Easter bunnnies

It feels as if I have not much to tell this week. My thoughts, a bit loose and fluid. It was Easter, and my head has perhaps been away with the bunnies (see bottom). I have been trying to start reading Streetfight by Janet Sadik-Khan and Against the Grain by Norman Baker. But I utterly failed at that. Both are books about decision-makers pushing against power structures – a subject matter straight down my campaigning street of revolutions and contestation.

Unfortunately however, I kept grabbing other books off the shelves, re-reading. Books, papers, films… when you look at them again, they almost tell you an entirely new story every time. Perhaps when you read a book the first time round, there’s the broader storyline to concentrate on – which (if you still remember it when reading again) you more easily get to see nuances, or enter depth, or some detail.

This is a good thing, surely.

You never step in the same river twice as they say. The thinking has probably moved on, and your position has (been) altered, refined (we wish), renewed. The scenery might be the same, but your view is not. A couple of weeks ago I attended a 2-hour training session entitled “Research Philosophies and Paradigms”. And whilst the tutor spoke about ontologies and epistemologies (and suchlike big long GreekLatin&c words) and how it all relates to methodologies and methods, overall and surprisingly to me it actually was time well spent. Ultimately it is about you, as a researcher, finding your own position (view) in all the landscape (much of it put out there as an academic rite of passage… don’t quote me on that). A never ending battle between the data… being subjective or/and objective. When you are concluding something, how much have your senses and your brain filtered and changed the outside world? Can the outside world only exist because you look(ed) at it? Is it an objective factual world that can be described in numbers? Or is it totally subjective to the individual? I find these questions quite fascinating, albeit philosophical (and hence a bit floaty and removed).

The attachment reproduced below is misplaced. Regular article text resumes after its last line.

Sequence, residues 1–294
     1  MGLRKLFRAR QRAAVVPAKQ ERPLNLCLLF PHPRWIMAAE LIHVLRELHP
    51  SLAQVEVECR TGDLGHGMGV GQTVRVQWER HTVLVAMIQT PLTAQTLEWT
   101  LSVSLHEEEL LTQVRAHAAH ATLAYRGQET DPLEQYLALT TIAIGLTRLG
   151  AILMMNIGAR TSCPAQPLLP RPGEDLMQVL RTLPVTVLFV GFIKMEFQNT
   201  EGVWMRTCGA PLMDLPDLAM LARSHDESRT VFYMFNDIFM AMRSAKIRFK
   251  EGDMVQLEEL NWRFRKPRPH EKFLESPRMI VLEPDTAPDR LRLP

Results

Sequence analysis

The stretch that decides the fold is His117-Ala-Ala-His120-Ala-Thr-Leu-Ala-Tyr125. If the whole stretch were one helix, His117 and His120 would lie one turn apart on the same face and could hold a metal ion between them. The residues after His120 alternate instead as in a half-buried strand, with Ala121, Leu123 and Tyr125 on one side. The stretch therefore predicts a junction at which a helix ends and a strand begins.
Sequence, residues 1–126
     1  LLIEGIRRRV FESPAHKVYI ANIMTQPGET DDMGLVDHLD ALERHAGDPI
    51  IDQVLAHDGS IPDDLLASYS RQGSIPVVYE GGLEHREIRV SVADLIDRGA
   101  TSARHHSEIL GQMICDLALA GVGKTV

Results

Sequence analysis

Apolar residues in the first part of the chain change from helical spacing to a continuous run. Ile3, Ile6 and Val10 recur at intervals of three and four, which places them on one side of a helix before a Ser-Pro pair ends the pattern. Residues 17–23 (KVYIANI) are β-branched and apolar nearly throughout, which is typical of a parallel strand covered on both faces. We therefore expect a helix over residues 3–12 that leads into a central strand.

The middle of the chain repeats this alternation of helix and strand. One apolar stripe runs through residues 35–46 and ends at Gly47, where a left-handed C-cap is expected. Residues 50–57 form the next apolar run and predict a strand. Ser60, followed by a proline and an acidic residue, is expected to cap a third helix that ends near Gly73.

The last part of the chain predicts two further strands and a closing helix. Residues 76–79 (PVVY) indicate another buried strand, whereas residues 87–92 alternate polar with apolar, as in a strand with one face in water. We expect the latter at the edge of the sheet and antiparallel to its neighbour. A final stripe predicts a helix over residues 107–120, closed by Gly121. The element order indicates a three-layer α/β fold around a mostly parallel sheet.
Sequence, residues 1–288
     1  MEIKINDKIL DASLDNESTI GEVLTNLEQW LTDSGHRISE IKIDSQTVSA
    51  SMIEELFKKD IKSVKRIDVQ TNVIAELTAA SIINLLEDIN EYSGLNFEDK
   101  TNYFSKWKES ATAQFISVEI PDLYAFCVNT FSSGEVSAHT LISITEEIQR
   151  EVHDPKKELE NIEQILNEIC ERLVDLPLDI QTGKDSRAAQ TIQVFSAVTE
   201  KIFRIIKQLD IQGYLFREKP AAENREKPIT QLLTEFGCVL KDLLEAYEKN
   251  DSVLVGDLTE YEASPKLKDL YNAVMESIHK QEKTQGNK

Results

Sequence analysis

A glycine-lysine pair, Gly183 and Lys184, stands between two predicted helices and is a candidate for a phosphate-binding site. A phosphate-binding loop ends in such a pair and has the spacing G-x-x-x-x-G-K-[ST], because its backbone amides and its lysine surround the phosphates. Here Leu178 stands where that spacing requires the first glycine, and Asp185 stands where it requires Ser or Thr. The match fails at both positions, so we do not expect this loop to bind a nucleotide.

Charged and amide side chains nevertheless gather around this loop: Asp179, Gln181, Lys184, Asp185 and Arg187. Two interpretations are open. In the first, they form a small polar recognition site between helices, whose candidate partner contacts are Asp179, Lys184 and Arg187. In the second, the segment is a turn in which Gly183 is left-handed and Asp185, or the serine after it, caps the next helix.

Given my activism background, it was suggested to me to use autoethnography. I, clearly, have to look into that, but my gut-feeling says no. So, I have to investigate my gut-feeling, and where it comes from and if it is a valid place (in more way than one). I keep thinking… but I *am* an engineer too. Never a dull day.

In other news, this Department for Transport has issued what they call a Cycling and Walking Investment Strategy only without the investment. In other words if groups, people and their dogs do not make a huge stink about the

  • sheer lack of central steer (lurkalism)
  • lack of design standards for a nationally consistent approach
  • and in fact a total lack of a budget (to be invested in cycling infrastructure and green urban design)

it looks like a 1996 repeat is coming our way.

Otherwise, as I say, bunnies.

IMG_3948 FullSizeRender


One thought on “Easter bunnnies

  1. Dear Katja, I recently started using NVivo. Did you know that your March 15 post-training tweet features prominently on NVivo’s welcome page? As a researcher myself, I couldn’t resist researching the origins of such a Haiku-esque message and have learned a lot about the great advocacy work you are doing. Best wishes from the U.S.


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